Sumitomo Metals Kashima power station

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The Sumitomo Metals Kashima, also known as Kashima Iron Works Power Plant, is a 507 MW power plant in Ibaraki, Japan.

Another 645 MW has been proposed for 2020.


The map below shows the Sumitomo Metals plant in Kashima.

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The iron works plant is owned and operated by Sumitomo Metal Industries and Nippon Steel. According to the U.S. Geological Survey: "Sumitomo Metals Kashima thermal powerplant began commercial operation in June 2007. Construction of the plant started in January 2004. The $545 million coal-fired plant had a generating capacity of 507 megawatts. Power would be supplied to Tokyo Electric Power Co., Inc. for 15 years."[1]


On December 9, 2013, J-Power and Nippon Steel & Sumitomo Metal announced that they had formed the new company Kashima Power Company to construct an ultra-super critical 650 MW coal unit on the grounds of the Kashima Iron Works plant. Since this will be an expansion of the existing Kashima Iron Works Power Plant site, it is expected that the environmental impact assessment will be sped up. The new power plant is expected to start by 2020. About 300 MW of the power will be sold to TEPCO, and the remaining power will be sold to other companies.[2]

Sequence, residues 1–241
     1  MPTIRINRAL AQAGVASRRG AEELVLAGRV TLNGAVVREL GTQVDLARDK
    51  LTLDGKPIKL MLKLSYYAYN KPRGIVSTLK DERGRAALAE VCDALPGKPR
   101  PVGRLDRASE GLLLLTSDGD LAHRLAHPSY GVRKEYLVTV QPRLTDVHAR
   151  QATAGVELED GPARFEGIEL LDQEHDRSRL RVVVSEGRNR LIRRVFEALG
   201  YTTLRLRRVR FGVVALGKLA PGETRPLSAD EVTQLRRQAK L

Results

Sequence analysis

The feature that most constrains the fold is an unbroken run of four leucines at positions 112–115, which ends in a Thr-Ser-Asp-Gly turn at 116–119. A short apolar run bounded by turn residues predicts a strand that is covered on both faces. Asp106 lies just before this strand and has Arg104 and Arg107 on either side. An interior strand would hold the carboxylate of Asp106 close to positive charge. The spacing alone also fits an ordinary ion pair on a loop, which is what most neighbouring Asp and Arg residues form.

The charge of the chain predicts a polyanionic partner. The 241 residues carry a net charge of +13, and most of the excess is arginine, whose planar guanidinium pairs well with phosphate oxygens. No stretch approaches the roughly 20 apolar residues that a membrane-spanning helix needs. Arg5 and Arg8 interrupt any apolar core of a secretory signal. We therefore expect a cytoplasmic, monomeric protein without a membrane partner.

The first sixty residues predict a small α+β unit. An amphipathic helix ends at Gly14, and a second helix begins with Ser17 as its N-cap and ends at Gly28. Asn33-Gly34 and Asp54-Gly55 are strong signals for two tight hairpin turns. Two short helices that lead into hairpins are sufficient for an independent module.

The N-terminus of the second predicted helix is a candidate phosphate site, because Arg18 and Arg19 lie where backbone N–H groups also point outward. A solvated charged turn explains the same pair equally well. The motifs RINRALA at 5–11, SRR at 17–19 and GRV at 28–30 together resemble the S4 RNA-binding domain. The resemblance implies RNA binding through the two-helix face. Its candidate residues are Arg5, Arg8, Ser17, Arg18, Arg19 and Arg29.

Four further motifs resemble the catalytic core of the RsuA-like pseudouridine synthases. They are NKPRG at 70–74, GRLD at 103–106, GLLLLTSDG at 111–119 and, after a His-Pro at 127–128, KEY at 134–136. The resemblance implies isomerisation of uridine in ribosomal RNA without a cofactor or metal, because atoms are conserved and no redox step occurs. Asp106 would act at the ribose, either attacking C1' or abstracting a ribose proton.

In May 2016, Japan’s environment minister Tamayo Marukawa endorsed the plant.[3]

As of November 2016, Kiko Network reports that the project is under construction, with completion expected in July 2020.[4]

Project Details of expansion

  • Sponsor: Kashima Power Company
  • Parent company: Nippon Steel & Sumitomo Metal, J-POWER
  • Location: Kashima, Ibaraki, Kantō, Japan
  • Coordinates: 35.947067, 140.688737 (exact)
  • Status: Construction
  • Capacity: 645 MW
  • Type: Ultra-supercritical
  • Projected in service: 2020
  • Coal Type: hard coal
  • Coal Source: imported
  • Estimated annual CO2:
  • Source of financing:

Articles and Resources

Related SourceWatch articles


  1. Chin S. Kuo, "The Mineral Industry of Japan", U.S. Geological Survey, April 2009, page 6.
  2. "J-Power and Nippon Steel & Sumitomo Metal to form new company, expanding another coal power plant in Ibaraki," Sekitan, Jan 6, 2014.
  3. Chisaki Watanabe, "Japan Minister Endorses Two Coal-Power Plants North of Tokyo," Bloomberg, May 27, 2016
  4. "Kashima No.2 / Kashima Power / Kashima city, Ibaraki pref.," Japan Coal Plant Tracker, Kiko Network, accessed November 2016

External resources

External Articles